O OCC ADVISORY LETTER
Comptroller of the Currency
Administrator of National Banks
Subject: Secured Credit Cards
TO: Chief Executive Officers and Compliance Officers of All National Banks, Department
and Division Heads, and All Examining Personnel
Through its examination and other supervisory activities, the OCC has identified a number of
issues presented by certain secured credit card programs, including credit, compliance, and
reputation risks and the potential for inappropriate treatment of customers. This advisory letter is
intended to help national banks identify risks that are presented by these credit products and to
provide guidance on how to address such risks, so that national banks that elect to offer secured
credit cards do so in a safe and sound manner that treats customers fairly and promotes
responsible credit access.
This advisory letter also discusses the OCC’s particular concerns regarding secured credit card
programs in which security deposits (and fees) are charged to the credit card account, with the
result that the consumer has little or no available credit or card utility at account opening. In
addition to presenting increased risks of default, customer confusion, and other adverse
consequences, this structure may constitute an unfair practice under the applicable standards of
the Federal Trade Commission Act (FTC Act). Accordingly, the OCC has determined that this
type of secured credit card product is not appropriate for national banks, and should not be
offered by them.
As a general matter, secured credit cards look and function like traditional, unsecured credit
cards, but the credit extended by the issuer is wholly or partially secured by collateral of the
borrower (typically a bank deposit). Secured credit cards generally are marketed to individuals
with limited or blemished credit histories who may not be eligible for unsecured credit, and may
serve as a means for those individuals to establish or improve their credit histories and as a
stepping-stone to unsecured credit. These products also may function as a form of identification,
and, depending on the terms and structure of the program, may be less expensive for these
individuals than other forms of available credit.
In a traditional secured credit card program, funds are transferred to the issuing bank by the
consumer at account opening, pledged as security for the credit card account, and placed on
deposit (at the issuer or another depository institution) in the name or for the benefit of the
consumer. The consumer generally may not access those funds, however. Rather, the funds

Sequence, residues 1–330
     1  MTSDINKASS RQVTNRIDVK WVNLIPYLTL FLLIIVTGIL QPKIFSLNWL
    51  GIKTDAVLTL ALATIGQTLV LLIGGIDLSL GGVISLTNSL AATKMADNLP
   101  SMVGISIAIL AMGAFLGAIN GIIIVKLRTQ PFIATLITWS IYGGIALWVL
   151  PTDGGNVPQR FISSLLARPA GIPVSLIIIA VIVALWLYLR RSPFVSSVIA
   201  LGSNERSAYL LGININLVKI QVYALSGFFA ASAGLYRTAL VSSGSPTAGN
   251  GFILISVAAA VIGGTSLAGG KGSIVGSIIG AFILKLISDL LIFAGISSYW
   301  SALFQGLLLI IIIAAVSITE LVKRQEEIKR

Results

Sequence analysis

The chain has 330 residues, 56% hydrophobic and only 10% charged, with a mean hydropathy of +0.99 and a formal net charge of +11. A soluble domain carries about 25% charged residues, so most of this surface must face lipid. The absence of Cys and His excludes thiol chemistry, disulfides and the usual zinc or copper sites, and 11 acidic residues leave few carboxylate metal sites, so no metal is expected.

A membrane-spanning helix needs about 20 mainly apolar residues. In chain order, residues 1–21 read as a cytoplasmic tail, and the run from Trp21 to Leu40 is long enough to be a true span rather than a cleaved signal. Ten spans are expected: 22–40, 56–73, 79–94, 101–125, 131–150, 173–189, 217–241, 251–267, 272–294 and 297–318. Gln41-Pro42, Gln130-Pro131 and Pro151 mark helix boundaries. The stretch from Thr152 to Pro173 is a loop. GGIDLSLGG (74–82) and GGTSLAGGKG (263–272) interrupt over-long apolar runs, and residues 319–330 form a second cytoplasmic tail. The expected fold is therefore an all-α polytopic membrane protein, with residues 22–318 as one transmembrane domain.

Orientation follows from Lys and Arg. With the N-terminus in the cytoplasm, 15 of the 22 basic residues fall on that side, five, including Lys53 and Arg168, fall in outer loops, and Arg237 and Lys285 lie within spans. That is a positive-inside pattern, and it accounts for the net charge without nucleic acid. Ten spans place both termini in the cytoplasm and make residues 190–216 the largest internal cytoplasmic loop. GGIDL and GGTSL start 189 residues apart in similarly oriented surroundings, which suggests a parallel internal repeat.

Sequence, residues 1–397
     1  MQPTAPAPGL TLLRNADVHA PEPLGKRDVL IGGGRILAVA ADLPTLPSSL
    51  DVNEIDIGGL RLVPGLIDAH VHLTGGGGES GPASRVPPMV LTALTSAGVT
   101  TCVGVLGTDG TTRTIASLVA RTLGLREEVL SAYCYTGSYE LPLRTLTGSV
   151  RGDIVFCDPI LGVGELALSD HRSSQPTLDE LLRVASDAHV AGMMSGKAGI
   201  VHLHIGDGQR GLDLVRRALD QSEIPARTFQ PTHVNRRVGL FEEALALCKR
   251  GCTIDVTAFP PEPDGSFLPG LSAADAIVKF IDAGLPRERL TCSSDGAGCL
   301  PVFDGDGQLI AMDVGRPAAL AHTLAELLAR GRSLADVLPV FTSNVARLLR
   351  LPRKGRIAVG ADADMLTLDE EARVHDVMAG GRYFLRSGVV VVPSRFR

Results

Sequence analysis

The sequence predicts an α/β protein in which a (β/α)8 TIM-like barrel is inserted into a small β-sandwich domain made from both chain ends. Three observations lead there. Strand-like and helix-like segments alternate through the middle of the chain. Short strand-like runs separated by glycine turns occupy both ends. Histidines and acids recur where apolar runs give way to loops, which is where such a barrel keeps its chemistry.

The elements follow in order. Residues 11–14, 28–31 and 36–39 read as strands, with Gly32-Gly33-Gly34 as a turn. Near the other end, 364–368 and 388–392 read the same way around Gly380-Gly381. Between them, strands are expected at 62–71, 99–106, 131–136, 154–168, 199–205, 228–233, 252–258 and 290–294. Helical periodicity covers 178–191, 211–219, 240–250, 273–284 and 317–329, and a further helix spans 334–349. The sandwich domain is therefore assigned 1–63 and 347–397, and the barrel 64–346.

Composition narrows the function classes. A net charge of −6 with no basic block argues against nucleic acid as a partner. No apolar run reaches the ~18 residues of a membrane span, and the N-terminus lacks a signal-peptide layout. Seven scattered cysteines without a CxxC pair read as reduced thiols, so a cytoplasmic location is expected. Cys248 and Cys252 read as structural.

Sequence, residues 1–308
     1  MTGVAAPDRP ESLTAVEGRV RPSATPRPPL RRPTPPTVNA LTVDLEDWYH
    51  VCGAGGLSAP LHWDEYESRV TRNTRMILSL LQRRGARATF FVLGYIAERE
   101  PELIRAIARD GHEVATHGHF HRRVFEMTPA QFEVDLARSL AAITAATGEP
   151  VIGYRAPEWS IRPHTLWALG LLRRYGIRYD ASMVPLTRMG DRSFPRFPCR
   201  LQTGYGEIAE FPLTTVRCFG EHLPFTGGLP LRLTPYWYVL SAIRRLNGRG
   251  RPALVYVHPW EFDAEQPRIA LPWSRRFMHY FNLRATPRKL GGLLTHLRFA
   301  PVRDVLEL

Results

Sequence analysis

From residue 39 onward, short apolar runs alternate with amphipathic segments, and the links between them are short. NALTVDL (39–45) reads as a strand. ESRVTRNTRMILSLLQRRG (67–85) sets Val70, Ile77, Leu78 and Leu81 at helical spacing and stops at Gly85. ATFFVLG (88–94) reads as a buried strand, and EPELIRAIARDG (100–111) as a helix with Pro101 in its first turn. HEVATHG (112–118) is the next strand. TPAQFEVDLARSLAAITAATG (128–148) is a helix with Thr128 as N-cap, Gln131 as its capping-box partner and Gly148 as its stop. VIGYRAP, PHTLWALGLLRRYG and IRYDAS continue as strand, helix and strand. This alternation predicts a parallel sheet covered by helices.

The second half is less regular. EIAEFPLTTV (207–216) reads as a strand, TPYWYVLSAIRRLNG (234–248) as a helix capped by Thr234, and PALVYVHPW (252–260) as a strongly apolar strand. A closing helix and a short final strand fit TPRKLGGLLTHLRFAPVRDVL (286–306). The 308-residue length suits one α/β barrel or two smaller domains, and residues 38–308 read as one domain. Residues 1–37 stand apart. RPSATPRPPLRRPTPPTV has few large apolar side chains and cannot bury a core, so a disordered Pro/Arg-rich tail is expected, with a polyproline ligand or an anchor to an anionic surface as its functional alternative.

remain on deposit so that if the consumer defaults on his or her credit card account, the deposited
Date: April 28, 2004 Page 1 of 8
funds may be used to help satisfy the debt. Minimum bank deposits under secured credit card
programs typically range from $100 to $500, although customers often are permitted to deposit
more if they so choose. Interest may or may not be paid on the deposit, depending on the terms
of the agreement.
The interest rate, credit line, and other features of the card will vary depending upon the specific
terms of the program. Application, annual, and other fees may be assessed, but are not charged
by all issuers of these products. The credit line on the card generally will be tied to the amount
of the security deposit. Depending on whether the product is fully or partially secured, the credit
line on the card typically ranges from 100 percent to 200 percent of the deposit. In some
programs, the credit line may be increased by the issuer based on the consumer’s good payment
history. Similarly, some issuers offer specific “graduation” programs in connection with their
secured credit cards through which customers may be eligible for unsecured credit after a
designated period of good payment history. In general, however, cardholders are not graduated
automatically to unsecured products, but must apply for such credit when eligible.
Secured credit cards are generally marketed to two distinct populations. The first consists of
individuals with little or no credit history who might be able to progress relatively quickly to an
unsecured product. This group includes recent graduates, immigrants, and other individuals
seeking to establish credit in their own names. The second group of consumers to receive
secured card marketing includes individuals with poor credit histories of varying severity. 1
PRINCIPAL RISKS AND CONCERNS
Special Concerns Regarding Certain Secured Credit Card Structures
As noted above, certain secured credit card structures — specifically, where the security deposit
is charged to the card upon issuance, with the result that the consumer has little or no available